My Parents Are Aliens: My other favourite TV show (and coincidentally, also that of my Mum – I guess it’s true that the best children’s TV entertains the parent’s too) was ‘My Parents Are Aliens’, which was just as surreal as Dick and Dom but with a lot more heart. The show clearly challenged what ‘family’ really meant through the role reversal constant gag of ‘they’re aliens and therefore know nothing about Earth!’, but also by having Brian and Sophie work through new parental, human emotion. It was so sweet, and so funny. ‘My Parents Are Aliens’ had some of the coolest kids in TV too – Mel, Josh and Sophie were all smart and funny and kind. A children’s TV show dealt with issues of being made an orphan and foster parents better than I reckon a lot of solemn adult dramas could.

REBA MARTIN:

The Simpsons:

My parents tell me that before I could even speak I loved The Simpsons. At a few months old I would scream in laughter while they were on, and scream again if anyone attempted to change the channel. The Simpsons was the first thing I really obsessed over, a big part of my weekly schedule was watching it every other night on Channel 4 at 6PM. If it wasn’t on TV, I would watch my personalised VHS, of all my favourite episodes that I had recorded, again and again and again.

18 years on I still watch it weekly, last night I found myself talking along with I Love Lisa, and my 52 year old mother knows the entire “mediocre presidents” song from the school show. It’s an unspoken rule in my household that if The Simpsons is on telly at the same time as dinner, we all eat in the front room without question.

The show probably contributed to my sarcastic humour, my keen interest in film (See: Deep Space Homer), and general love of satire and cartoons – be it Akira or Adventure Time. I like to think the liberal politics of The Simpsons shaped me today: where would I be without a role model like Lisa, the sarcastic vegetarian feminist, who always does what she believes in and regularly out smarts all the adults? Who, like me, was also told her fingers were to stubby to play an instrument? (I’ve given up on bass, piano, and guitar)

It is also especially great to look at. All the yellow, the simplistic MS paint style animation, and I especially love the colours; the hues of pinks and blues used at night time. Even John Waters himself gushed at the kitsch decor of The Simpsons household. (Speaking of which, I probably wouldn’t have found out about Waters films, or the Ghost World graphic novel.). Back in the good old days, when guest voices were few and far between, what really made the show was the wealth of wonderful background characters, and even the carefully selected guest voices, like John in the wonderful ‘Homers Phobia’.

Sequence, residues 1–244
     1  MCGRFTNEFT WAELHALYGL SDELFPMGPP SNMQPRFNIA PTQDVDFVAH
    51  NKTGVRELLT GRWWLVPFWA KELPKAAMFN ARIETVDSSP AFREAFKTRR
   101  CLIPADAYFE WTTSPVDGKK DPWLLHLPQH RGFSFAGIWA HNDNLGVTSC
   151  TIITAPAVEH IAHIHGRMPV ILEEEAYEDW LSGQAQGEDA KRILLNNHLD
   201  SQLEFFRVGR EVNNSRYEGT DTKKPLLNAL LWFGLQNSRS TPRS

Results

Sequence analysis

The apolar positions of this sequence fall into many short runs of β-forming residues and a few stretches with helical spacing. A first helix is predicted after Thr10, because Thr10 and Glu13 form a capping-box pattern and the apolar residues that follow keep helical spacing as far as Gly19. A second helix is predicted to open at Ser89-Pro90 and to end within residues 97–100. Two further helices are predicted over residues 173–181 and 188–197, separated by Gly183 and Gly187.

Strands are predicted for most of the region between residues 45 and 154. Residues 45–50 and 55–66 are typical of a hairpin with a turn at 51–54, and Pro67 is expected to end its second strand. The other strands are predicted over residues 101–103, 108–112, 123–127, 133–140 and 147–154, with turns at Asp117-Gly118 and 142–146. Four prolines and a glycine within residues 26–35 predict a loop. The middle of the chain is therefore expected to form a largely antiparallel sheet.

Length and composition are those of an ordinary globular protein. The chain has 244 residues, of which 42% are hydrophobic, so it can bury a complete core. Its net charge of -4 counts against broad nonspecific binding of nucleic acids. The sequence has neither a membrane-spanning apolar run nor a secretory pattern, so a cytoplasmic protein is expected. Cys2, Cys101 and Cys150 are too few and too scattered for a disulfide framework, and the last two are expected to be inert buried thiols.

I could talk all day about The Simpsons, in my opinion, the early seasons are equivalent to Shakespearian comedies (Think about it: they’re moral, quotable, timeless, philosophical, and full of puns and innuendo…). Of course, I know it’s no way near as good as it used to be and probably should have stopped about ten years ago. It can’t and shouldn’t go on forever, but at least I have my season 5 box-set that I can re-watch forever.

 CRISTINA VAZQUEZ DE MERCADO

Hey Arnold: Since my parents never monitored my TV intake as a kid, I probably watched every American childhood show created–which explains why I now, as an adult, spend most of my time binge-watching television shows. Thanks, Mom and Dad. Although this caused me to have many, MANY favorites (seriously, it was so hard for me to choose which to write about), one of the most prominent shows from my childhood was Hey Arnold!